IA Summit: Richard Saul Wurman Keynote

by Luke Wroblewski April 10, 2010

In his keynote address at the IA Summit in Phoenix AZ, Richard Saul Wurman urged the information architecture community to take on self-directed initiatives that lead people through the journey of understanding. Here's my notes from his talk:

The theme of this talk is opening the banana from the other end. This is a metaphor for the opposite paradigm. Your priority should be to do the opposite pattern. Many people are just making things a little better. We don't want to make things a little better. We want to start again. That terrifying and that's good. Being terrified is good because it makes you think.

  • A pie chart is a pretty poor way of showing comparative information. But we've created tools to add shadows, colors, 3d, and more to pie charts. This is dumb. We keep trying to make things that fundamentally don't work a little better. We need to rethink the fundamentals instead.
  • It took 99 years to invent pagination. This was one of the first approaches to organizing information. Organizing information is fundamental. The words are the same in a dictionary and a thesaurus but organization changes the purpose.
  • Information architecture is making something understandable to another human being (could be yourself). You need to describe the journey from not knowing to knowing. That is the magic of the business. How do you do it systematically? What makes an information architect is a desire, a passion to communicate something systematically to another human being.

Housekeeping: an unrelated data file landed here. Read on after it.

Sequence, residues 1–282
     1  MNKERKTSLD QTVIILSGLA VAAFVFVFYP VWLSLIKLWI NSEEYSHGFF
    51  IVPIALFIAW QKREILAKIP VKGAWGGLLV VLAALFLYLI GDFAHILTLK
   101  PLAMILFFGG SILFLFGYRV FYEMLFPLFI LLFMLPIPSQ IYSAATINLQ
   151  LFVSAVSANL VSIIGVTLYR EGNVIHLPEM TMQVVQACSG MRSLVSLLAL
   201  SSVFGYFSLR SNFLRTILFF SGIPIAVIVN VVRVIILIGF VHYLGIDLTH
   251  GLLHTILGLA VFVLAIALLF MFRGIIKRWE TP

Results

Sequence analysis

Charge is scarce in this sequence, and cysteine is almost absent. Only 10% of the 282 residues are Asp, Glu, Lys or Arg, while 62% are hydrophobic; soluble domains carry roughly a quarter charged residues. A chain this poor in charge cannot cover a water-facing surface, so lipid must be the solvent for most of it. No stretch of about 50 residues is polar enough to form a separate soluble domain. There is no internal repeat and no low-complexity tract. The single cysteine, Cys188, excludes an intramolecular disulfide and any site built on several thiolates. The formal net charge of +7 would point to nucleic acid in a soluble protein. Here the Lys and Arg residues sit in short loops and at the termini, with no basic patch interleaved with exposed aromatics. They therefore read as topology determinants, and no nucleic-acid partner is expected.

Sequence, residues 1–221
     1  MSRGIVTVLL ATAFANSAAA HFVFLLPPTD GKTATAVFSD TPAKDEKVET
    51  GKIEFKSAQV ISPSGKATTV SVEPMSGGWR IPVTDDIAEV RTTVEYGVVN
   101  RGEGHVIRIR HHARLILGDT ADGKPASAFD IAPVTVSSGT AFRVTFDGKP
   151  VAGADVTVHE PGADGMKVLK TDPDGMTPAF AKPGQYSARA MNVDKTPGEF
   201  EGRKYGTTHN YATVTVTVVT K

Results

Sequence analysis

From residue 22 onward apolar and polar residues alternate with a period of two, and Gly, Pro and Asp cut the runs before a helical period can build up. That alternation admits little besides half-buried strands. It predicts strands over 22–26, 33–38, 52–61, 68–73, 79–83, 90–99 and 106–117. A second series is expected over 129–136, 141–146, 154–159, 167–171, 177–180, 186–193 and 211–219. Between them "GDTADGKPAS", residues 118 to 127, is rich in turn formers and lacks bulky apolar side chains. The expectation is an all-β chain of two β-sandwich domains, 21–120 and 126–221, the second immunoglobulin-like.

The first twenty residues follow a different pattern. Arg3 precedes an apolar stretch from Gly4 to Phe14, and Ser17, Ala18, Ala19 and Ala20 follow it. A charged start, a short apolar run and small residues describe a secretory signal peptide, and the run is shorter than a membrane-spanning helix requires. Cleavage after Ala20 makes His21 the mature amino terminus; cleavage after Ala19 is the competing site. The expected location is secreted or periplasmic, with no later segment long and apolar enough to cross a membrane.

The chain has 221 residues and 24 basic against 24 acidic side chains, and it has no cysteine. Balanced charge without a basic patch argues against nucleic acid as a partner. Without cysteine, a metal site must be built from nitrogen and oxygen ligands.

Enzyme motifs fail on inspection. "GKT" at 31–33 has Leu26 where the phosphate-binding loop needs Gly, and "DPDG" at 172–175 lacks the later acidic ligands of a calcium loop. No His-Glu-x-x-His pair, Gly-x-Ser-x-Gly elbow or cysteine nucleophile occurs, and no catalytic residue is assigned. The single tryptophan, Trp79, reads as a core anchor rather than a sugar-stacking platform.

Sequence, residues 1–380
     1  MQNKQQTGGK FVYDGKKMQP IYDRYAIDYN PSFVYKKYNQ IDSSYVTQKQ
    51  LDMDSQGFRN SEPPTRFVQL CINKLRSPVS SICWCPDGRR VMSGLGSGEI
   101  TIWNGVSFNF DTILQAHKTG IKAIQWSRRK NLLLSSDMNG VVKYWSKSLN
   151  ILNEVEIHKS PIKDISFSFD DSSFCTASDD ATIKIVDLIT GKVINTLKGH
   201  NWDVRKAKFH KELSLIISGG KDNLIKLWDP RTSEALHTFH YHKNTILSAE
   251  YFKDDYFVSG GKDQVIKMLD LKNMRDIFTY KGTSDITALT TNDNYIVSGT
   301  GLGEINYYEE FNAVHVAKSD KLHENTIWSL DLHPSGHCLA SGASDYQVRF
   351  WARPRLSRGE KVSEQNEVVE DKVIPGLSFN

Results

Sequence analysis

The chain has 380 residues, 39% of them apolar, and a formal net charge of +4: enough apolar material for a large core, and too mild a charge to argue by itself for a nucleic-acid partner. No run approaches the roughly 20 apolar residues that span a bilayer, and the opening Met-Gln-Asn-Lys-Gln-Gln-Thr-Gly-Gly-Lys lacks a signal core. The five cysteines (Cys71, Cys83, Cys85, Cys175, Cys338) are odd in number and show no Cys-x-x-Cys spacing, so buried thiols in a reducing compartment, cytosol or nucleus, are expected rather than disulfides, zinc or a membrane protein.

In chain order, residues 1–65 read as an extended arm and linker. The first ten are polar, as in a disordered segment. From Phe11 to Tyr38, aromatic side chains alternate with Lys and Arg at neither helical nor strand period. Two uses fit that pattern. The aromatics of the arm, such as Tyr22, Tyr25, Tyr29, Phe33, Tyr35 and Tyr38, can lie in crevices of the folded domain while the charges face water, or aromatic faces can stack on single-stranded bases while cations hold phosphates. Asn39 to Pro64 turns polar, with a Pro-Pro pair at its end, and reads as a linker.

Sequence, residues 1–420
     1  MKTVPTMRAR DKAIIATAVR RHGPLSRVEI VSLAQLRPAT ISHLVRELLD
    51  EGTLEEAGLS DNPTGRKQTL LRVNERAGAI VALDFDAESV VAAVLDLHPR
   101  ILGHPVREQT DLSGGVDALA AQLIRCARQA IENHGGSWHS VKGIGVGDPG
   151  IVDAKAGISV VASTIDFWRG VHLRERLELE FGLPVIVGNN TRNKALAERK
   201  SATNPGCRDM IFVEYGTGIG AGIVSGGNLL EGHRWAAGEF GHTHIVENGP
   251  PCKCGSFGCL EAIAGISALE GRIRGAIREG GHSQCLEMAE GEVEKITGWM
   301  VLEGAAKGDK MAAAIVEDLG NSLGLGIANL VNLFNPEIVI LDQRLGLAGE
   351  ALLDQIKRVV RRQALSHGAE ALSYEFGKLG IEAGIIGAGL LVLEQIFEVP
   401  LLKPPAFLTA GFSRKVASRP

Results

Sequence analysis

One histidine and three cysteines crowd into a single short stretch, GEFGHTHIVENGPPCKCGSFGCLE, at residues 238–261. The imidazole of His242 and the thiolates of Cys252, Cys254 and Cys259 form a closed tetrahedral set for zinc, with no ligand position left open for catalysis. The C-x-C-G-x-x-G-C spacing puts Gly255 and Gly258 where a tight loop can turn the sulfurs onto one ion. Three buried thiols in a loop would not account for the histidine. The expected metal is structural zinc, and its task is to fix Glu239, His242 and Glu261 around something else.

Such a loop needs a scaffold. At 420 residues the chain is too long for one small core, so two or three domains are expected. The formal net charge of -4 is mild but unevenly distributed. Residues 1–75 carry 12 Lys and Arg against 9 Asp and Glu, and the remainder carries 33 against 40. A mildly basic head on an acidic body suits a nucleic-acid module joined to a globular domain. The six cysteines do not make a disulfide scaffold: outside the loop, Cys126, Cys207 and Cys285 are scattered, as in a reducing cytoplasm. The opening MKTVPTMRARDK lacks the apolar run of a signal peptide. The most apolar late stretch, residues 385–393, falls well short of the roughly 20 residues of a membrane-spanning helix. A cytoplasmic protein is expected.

• Anyone who has expertise will lose it in ten minutes as things are always changing. But people with passion and interest are always exciting. People with passion want to understand. Nothing tests your mind like the journey from not understanding to understanding.
  • You should accept that all ideas are temporal. This is true in any business. There are no eternal ideas other than understanding.
  • Nothing is very accurate or sensible about numbers. We have an arrogance about numbers. We made up the calendar. You can take any numbers and make them work.
  • You can only understand something relative to something else.
  • Everything we have done with computers and web sites is still really primitive. We are in a really rapid changing time during which you can't invest in the finality and finish of anything. As a result most things are really bad.
  • The web is not going to end up as a collection of pages. It needs to be a fluid movie and provide a journey. You need to be able to fly through the information of your choosing. You need to be able to direct where you want to go. The metaphor of the book for the Web does not support that.
  • We will be able to make incredible journeys that lead to understanding. That's what the IA community should be focused on.
  • Think about how much personal power you have to get things done. Nobody ever asked RSW to write a book or start a conference. He took the initiative and you can too. It is better to fail than to be told what to do. Take direction from yourself.